I had a client come on board who wanted to generate inbound traffic in order to generate new business leads and clients for his carpet cleaning business in Long Island in New York. But he’d told me in advance that he didn’t have much funds to engage in a paid search marketing (PPC) campaign. He told me that he was keen to get his site ranking with an SEO campaign, but as all SEO professionals know, it takes time to build a campaign.
It’s tough to determine which channel is better for lead generation and sales acquisition. PPC has its value in the marketing mix just as much as SEO. Many marketers prefer the SEO channel because the customer acquisition cost is much lower when it is working when compared to running a pay-per-click campaign.
However, I have also seen campaigns where the competition and the advertising bidding prices were so low, it was actually in the business’s best interest to implement a PPC campaign instead of an SEO campaign.
There’s a few reasons why I want to write this post.
- Paid search campaigns have their value if your business can afford it. I would like to demonstrate how the paid search marketing channel can be valuable for businesses over the long-term.
- Many businesses struggle to justify the cost to invest in SEO. However, when the costs are benchmarked next to PPC costs, it is easy to see why an SEO investment is worthwhile.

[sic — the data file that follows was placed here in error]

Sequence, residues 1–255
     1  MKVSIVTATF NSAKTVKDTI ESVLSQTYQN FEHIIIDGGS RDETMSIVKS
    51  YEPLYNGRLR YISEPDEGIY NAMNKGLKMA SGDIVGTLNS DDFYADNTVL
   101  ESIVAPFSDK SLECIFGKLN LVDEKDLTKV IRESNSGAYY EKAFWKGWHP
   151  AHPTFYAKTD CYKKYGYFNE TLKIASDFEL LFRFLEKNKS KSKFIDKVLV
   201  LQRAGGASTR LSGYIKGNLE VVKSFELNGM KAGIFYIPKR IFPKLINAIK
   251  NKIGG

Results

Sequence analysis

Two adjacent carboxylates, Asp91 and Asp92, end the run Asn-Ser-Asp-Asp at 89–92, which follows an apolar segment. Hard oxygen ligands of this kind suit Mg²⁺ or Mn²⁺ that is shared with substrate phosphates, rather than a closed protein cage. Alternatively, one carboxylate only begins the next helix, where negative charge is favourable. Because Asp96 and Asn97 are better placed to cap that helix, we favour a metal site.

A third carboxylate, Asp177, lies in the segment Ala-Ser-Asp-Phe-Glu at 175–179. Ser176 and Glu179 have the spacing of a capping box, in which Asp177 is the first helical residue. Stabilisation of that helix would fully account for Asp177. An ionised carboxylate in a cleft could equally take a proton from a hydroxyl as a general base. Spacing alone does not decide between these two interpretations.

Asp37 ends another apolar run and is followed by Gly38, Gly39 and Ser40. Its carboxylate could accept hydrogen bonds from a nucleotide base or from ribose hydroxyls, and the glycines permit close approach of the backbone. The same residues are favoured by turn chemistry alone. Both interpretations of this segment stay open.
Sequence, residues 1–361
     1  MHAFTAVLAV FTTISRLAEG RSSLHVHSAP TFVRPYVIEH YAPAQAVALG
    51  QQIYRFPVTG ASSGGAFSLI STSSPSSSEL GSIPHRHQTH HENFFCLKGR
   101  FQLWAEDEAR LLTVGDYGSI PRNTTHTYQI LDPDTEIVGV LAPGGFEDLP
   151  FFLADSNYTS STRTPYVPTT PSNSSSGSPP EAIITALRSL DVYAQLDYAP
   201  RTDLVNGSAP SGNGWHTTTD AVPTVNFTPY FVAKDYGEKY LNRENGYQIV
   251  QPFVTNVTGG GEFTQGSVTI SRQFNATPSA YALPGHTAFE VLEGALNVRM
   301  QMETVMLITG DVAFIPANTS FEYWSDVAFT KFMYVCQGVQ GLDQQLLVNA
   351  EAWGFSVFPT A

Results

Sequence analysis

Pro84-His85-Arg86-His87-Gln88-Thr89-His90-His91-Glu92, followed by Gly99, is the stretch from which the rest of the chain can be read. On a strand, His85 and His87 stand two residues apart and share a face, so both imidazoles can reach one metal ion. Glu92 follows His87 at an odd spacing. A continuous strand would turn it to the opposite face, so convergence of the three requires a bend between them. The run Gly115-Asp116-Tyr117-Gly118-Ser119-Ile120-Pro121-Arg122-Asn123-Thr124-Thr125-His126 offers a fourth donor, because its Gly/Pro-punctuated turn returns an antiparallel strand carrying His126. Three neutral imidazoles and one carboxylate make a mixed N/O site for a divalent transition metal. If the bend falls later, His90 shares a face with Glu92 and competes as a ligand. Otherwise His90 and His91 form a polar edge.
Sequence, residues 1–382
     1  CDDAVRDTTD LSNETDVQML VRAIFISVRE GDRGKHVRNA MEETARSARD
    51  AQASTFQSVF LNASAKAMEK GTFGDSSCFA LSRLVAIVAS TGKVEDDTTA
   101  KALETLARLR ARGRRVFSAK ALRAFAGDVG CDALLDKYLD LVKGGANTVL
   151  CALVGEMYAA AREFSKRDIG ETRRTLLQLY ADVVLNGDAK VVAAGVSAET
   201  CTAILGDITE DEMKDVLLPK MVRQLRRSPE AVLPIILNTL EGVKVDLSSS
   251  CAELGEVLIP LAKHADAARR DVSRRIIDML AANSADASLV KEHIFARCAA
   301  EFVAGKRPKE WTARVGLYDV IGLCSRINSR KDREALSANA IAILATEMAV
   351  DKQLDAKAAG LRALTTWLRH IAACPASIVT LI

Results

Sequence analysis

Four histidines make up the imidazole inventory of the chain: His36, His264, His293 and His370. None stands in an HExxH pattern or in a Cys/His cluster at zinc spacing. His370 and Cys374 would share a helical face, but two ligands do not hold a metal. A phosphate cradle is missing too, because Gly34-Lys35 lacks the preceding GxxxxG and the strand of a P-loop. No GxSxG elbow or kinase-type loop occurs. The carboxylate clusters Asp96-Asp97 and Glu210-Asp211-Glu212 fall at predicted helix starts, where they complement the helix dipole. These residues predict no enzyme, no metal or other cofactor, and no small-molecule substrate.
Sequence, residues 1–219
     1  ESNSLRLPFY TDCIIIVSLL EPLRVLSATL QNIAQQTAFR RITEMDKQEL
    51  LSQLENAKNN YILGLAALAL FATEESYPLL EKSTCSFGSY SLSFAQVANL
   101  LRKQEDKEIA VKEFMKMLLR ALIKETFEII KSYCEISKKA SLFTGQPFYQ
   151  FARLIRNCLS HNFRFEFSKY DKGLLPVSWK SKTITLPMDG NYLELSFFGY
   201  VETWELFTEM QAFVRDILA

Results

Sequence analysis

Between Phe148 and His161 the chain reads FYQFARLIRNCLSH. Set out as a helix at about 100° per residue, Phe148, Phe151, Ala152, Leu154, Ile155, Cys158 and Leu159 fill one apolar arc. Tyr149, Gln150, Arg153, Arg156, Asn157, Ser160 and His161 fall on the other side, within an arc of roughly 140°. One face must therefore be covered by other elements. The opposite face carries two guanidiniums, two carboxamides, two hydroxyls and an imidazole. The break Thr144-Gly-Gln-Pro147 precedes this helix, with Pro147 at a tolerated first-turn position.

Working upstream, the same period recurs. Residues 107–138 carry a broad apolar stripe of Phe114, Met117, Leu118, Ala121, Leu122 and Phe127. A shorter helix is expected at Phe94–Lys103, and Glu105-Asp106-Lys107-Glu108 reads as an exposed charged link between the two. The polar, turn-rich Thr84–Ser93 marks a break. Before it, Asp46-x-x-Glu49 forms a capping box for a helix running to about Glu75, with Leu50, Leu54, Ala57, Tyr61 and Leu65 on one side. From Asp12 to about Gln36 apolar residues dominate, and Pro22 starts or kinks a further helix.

- It is important to have these two marketing channels synergised. Even if they are worked on in silos, it is important to incorporate the data to improve and optimise campaigns.
SEO cost vs the cost of doing PPC.
Firstly, it is easy to justify the cost when running a PPC campaign. You spend the money on a marketing campaign that is a direct response. People will either take an action to engage with the site by viewing the content, filling out a form to become a lead or proceeding with a sale.
The cost can easily be measured. For example, if a user clicks on an ad and the ad costs the advertiser $1, but the user went on to purchase an item for $10; the advertiser has made $9 in gross profit from the PPC advertising.
When the advertiser develops a paid advertising model that converts, they can simply increase their budget and expect to get more leads and sales.
Advertisers might spend $1,000 or even $10,000 every month, but they can easily see that $900-$9,000 in gross profit is being made in return.